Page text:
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Obscura Arborea - Telegraph Brewing Company

Not Rated.
Obscura ArboreaObscura Arborea

Displayed for educational use only; do not reuse.
BA SCORE
79
okay

38 Ratings
THE BROS
75
okay

(view ratings)
Ratings: 38
Reviews: 26
rAvg: 3.38
pDev: 19.23%
Wants: 7
Gots: 7 | FT: 0
Brewed by:
Telegraph Brewing Company visit their website
California, United States

Style | ABV
Flanders Oud Bruin |  9.00% ABV

Availability: Limited (brewed once)

Notes/Commercial Description:
No notes at this time.

(Beer added by: beagle75 on 04-10-2011)
Beer: Ratings & Reviews
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Ratings: 38 | Reviews: 26 | Display Reviews Only:
Photo of Arbitrator
1.38/5  rDev -59.2%

Well-chilled bottle (it had been sitting in the fridge for days) into a glass. Thanks, Adam.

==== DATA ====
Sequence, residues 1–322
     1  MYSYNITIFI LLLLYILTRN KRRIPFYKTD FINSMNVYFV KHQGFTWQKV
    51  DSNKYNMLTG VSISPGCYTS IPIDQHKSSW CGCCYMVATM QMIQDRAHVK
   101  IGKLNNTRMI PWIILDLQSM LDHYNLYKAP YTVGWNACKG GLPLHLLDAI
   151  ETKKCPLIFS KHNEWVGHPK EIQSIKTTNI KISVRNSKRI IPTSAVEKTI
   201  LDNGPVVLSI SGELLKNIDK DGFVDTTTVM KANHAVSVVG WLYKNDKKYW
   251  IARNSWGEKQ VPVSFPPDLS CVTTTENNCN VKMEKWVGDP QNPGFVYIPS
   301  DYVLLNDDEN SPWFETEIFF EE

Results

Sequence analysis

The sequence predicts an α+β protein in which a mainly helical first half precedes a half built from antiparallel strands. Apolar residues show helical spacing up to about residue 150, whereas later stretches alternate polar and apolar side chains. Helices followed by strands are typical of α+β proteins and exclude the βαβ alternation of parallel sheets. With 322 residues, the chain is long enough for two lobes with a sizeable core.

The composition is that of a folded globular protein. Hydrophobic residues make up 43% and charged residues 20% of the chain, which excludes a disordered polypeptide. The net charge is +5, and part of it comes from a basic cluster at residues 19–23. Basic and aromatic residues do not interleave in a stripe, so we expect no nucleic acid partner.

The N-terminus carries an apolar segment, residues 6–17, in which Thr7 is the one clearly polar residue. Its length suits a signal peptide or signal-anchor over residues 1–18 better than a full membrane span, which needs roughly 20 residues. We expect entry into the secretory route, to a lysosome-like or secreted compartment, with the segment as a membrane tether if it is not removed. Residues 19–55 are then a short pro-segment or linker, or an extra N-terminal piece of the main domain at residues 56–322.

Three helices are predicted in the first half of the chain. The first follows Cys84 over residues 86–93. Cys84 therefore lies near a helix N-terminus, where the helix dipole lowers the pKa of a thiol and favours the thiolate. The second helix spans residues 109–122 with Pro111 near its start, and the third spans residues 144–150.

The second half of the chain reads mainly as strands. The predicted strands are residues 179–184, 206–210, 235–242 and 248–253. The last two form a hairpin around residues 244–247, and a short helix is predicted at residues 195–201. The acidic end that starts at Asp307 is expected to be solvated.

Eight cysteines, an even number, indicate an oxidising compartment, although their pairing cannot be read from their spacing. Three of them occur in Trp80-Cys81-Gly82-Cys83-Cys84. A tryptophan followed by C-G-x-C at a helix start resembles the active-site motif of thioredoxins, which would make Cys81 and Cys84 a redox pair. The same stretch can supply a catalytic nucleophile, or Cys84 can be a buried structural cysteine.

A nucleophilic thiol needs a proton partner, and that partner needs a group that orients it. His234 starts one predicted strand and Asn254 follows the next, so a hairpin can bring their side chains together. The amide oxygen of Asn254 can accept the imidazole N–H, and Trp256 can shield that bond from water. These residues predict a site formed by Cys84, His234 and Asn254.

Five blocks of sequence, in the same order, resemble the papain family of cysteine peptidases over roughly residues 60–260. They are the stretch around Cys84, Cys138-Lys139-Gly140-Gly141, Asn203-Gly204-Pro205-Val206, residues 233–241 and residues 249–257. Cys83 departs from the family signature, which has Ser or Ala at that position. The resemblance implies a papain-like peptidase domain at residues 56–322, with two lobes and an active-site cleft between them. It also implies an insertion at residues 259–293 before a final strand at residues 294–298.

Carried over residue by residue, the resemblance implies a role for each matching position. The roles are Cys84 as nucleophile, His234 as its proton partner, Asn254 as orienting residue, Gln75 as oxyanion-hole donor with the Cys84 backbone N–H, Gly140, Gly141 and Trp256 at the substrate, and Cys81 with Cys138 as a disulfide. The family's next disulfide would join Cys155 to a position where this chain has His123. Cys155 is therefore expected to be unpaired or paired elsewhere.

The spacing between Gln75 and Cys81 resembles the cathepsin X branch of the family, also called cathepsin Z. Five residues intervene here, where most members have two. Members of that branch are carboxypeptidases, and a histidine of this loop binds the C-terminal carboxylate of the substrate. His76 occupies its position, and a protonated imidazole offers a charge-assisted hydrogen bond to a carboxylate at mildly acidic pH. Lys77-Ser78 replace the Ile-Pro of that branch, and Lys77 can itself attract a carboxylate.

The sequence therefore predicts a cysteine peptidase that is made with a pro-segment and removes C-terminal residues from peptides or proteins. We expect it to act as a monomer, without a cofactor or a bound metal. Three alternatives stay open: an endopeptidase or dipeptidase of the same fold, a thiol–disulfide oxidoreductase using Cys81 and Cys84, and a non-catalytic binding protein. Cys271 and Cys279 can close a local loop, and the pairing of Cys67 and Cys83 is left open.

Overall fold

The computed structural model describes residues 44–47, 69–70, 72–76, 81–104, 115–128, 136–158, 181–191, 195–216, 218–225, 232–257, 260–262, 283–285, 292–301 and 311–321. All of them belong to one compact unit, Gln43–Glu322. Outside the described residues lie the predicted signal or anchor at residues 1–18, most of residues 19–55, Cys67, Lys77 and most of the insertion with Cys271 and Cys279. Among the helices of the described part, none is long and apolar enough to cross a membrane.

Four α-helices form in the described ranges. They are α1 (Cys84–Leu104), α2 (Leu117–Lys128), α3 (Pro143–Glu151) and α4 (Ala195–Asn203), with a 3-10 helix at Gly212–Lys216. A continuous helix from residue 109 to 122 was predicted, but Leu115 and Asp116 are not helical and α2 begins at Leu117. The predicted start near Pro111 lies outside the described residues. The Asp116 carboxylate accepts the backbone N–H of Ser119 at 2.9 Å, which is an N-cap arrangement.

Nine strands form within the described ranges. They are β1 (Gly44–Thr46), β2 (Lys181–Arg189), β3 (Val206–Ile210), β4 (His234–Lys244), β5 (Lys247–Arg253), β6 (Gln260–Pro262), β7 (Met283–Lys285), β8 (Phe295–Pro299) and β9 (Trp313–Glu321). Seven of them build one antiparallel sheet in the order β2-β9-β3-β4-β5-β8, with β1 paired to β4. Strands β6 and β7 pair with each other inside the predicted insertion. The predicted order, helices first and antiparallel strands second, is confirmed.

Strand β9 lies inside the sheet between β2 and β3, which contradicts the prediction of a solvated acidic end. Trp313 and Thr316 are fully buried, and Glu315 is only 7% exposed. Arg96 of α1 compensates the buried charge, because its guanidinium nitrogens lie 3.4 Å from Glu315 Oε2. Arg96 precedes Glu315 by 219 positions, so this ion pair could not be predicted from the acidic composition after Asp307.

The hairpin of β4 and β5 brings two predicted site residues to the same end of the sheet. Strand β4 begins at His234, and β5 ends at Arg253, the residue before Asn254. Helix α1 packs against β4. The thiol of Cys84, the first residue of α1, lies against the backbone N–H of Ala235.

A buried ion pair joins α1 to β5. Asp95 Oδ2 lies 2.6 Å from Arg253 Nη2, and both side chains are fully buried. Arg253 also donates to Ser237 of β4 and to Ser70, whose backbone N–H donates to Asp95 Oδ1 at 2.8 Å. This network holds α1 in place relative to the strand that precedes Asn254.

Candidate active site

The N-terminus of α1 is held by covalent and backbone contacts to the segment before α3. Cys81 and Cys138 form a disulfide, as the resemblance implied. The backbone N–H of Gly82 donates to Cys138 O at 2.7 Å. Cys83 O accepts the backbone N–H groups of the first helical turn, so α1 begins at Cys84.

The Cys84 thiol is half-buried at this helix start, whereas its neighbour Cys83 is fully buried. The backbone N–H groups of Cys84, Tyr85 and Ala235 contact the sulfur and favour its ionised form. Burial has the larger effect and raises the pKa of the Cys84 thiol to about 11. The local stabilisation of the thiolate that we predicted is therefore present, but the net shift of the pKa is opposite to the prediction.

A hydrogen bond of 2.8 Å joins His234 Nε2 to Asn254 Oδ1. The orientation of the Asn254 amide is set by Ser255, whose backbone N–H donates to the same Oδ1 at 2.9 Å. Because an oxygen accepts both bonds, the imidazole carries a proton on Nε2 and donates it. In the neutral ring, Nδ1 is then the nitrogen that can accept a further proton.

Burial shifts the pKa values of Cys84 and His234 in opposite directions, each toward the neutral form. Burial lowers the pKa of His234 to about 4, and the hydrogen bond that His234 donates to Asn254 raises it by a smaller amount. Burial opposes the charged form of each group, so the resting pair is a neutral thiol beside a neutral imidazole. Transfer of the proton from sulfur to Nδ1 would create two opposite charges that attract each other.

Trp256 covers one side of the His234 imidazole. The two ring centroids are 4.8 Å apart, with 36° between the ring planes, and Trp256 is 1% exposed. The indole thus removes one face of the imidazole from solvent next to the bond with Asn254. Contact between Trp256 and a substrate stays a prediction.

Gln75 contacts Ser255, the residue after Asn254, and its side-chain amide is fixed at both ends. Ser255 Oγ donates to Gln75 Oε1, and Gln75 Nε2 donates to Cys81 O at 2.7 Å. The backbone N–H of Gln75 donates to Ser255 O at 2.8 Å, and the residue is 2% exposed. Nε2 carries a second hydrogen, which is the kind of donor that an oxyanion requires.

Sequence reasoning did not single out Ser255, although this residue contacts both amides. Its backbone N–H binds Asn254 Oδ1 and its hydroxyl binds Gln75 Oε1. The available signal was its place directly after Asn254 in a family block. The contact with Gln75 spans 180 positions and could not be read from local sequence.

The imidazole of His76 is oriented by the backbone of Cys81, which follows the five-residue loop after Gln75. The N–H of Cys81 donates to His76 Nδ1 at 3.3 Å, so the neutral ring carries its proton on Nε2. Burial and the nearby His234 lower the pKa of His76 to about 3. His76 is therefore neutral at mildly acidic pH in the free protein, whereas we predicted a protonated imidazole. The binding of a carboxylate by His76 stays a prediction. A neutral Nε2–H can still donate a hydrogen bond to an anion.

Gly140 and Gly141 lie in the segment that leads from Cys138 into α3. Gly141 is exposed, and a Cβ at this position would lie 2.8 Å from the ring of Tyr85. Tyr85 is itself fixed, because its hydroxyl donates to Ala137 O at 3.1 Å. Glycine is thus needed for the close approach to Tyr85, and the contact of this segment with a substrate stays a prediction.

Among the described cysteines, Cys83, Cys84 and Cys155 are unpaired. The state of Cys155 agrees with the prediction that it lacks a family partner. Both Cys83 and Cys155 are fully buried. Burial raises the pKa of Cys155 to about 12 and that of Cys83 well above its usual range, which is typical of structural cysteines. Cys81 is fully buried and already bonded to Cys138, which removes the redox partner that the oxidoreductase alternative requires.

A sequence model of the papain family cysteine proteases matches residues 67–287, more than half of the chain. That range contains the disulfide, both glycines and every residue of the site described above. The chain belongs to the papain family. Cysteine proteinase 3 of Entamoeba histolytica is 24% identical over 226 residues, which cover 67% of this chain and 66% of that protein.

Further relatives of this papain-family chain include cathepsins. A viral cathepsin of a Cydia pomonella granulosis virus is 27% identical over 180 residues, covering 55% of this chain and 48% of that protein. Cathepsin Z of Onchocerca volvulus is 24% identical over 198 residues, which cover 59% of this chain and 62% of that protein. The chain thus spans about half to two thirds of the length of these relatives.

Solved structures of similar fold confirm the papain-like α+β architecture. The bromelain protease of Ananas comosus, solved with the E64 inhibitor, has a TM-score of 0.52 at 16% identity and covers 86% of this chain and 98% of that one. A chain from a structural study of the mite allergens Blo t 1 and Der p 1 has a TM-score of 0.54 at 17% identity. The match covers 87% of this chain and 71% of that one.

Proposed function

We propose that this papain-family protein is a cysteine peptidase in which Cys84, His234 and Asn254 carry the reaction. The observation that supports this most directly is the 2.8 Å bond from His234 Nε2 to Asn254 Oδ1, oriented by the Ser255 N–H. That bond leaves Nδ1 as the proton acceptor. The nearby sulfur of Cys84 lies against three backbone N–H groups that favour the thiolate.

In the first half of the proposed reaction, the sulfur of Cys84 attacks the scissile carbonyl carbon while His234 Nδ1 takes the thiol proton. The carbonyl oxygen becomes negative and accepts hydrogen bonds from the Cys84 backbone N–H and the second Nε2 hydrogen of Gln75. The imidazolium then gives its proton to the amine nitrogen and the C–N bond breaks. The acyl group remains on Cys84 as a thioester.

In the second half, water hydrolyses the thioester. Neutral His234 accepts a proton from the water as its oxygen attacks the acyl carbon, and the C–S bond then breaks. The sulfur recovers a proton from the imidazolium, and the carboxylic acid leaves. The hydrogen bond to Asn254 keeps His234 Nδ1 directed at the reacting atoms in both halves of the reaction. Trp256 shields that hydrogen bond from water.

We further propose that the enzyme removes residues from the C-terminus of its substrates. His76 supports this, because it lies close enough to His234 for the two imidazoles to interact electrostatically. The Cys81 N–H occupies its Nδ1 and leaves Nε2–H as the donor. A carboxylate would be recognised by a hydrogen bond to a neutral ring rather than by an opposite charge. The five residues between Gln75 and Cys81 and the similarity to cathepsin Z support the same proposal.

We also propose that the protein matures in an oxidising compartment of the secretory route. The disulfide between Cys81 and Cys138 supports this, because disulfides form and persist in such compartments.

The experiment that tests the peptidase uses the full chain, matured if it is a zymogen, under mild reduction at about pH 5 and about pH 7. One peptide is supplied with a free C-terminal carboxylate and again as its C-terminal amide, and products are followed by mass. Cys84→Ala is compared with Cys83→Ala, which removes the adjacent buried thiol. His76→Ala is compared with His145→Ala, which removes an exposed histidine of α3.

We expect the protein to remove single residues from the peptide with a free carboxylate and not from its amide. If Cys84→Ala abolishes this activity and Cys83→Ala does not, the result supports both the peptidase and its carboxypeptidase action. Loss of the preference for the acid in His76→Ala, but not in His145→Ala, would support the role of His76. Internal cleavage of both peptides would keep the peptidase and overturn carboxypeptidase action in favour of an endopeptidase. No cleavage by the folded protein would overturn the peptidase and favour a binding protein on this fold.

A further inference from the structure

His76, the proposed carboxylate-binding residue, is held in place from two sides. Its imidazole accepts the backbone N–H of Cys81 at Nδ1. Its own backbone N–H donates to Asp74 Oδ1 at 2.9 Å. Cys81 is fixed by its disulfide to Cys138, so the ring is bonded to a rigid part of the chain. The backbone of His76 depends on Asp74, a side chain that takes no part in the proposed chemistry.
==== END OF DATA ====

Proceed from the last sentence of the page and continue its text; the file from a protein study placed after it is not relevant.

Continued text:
A: This pours literally all beige foam. It instantly converts to pure foam upon exiting the bottle. Retention is outstanding. I have to wait something like 10 minutes for it to calm down enough for me to take a sip.

S: I can't pick up much else beyond lemon, mild cherries, a touch of oak.

T: This is lightly sour, of a lactic variety, with good, undeveloped residual sweetness. There is very little depth here. On a scale of 1 to flavor, I'd give it a 3.

M: Very spritzy, overcarbed. Semi dry in the finish, or at least the carbonation gives that impression.

O: At the time of my review, this beer has a B average; it's a pretty clear demonstration of how overrating and consolation-prize grading plagues BA. Tell it like it is: this beer is awful.

Arbitrator, Oct 02, 2011
Photo of augustgarage
3.65/5  rDev +8%

Batch 77. 9% ABV. Chilled briefly then poured from a caged-and-corked 750mL bottle into my Rodenbach flute.